Other preventive measure  Yes (infection control with hand washing, social distancing, cough etiquette, contact tracing of infected individuals, lock-downs, curfews)  Yes (infection control with administrative, environmental and personal protection measures; contact tracing and treatment of infected individuals)  For COVID-19, personal protection equipment and maintaining physical distance are even more critical given the asymptomatic spread. While mitigation measures (curfews, closing businesses) are not used for TB, they have been necessary to combat COVID-19 in many countries, due to failure of containment measures and rapid community transmission. 
      For both diseases, contact tracing and investigation at the onset is crucial, before community transmission becomes entrenched. 
Availability of rapid diagnostics  Yes  Yes  For both diseases, screening symptoms include cough, fever, shortness of breath and nucleic acid amplification tests (NAAT) are recommended as the first test. 
      For TB, sputum tests are used and chest radiography can identify active TB in patients. 
      COVID-19 diagnostic tests use naso or oro-pharyngeal swabs and the use of saliva or sputum is currently being studied.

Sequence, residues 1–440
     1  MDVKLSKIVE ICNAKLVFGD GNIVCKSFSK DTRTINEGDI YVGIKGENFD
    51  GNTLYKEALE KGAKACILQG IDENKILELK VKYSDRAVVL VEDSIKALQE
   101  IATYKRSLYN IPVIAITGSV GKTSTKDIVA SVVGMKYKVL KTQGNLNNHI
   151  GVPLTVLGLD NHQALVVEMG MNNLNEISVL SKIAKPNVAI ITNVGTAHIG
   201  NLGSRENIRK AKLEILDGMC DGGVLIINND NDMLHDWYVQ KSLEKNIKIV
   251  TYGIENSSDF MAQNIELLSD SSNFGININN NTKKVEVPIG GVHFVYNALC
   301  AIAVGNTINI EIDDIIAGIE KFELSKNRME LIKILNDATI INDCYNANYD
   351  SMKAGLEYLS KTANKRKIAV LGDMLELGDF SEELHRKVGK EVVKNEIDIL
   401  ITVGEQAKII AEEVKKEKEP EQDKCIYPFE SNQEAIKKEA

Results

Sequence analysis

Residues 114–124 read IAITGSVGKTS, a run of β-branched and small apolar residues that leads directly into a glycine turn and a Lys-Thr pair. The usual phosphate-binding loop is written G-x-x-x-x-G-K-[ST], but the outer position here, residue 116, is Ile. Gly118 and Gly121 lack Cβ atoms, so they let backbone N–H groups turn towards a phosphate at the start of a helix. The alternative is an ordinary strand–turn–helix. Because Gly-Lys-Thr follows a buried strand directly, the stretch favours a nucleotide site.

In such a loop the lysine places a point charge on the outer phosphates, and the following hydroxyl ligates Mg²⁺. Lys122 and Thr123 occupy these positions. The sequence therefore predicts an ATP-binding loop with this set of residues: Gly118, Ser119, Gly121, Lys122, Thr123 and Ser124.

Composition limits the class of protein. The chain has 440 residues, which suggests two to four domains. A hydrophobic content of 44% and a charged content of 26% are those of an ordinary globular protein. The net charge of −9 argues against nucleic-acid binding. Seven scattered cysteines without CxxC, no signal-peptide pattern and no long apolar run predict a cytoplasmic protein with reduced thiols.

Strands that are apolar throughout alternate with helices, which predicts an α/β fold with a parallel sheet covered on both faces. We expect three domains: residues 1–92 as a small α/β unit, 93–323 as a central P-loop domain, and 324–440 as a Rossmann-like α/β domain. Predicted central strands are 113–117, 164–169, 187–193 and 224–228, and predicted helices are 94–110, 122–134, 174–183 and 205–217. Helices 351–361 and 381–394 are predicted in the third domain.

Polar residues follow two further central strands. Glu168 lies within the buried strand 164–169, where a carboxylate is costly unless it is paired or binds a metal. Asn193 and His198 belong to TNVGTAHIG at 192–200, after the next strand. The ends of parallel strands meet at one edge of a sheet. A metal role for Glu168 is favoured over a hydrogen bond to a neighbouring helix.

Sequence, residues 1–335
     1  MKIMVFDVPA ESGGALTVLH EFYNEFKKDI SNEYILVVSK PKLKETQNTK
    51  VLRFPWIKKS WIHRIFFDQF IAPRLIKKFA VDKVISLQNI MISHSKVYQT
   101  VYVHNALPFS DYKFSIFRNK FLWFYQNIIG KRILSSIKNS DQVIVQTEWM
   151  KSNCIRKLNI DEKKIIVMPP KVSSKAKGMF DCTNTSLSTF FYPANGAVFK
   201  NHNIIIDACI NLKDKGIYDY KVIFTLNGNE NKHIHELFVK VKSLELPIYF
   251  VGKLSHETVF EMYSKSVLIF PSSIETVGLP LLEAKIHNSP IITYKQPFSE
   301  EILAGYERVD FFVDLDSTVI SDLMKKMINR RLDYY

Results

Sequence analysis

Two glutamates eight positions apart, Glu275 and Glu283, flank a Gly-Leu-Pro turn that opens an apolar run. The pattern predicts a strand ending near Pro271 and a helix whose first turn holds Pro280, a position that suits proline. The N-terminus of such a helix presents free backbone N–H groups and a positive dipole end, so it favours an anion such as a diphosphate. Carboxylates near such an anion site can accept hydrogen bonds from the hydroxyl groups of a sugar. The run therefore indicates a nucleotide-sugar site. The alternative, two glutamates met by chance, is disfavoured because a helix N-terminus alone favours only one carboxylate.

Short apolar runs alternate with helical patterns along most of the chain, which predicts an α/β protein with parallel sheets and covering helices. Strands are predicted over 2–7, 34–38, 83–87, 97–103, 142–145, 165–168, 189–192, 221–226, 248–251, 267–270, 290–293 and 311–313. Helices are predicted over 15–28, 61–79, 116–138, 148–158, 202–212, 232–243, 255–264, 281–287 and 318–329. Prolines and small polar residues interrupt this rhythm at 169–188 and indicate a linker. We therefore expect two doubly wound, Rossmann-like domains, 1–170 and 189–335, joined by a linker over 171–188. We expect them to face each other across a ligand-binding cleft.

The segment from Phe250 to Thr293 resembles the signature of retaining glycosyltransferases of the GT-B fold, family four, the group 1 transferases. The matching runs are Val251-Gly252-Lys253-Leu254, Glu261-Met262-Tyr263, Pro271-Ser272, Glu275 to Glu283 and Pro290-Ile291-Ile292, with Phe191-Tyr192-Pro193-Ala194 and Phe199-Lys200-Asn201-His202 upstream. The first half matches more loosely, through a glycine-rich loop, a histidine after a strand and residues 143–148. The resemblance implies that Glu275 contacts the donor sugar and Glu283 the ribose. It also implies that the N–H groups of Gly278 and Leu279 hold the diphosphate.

Availability of cure  No (studies ongoing, support measures used including oxygen and ventilation)  Yes  TB has established curative treatment regimens that include the administration of first line drugs such as rifampicin, isoniazid, ethambutol and pyrazinamide. Drug regiments can be completed at home with regular follow-up visits to the hospital. 
      For COVID-19, trials are currently ongoing and only limited treatments are currently available, including the administration of remdesivir and dexamethasone in severe cases. Approximately 5% experience severe symptoms necessitating intensive care and invasive mechanical ventilation and ∼20% are hospitalized.29 
Limitations of Current Treatments  Trials are currently ongoing and little is known about potential limitations due to lack of treatment options.  There is an increase in limitations due to the rise of resistant strains to rifampicin and isoniazid  For TB, there are significant negative adverse events of medication leading to higher rates of non-compliance or early termination of the treatment plan. Additionally, treatment durations are lengthy and can last from 6 months to 2 years.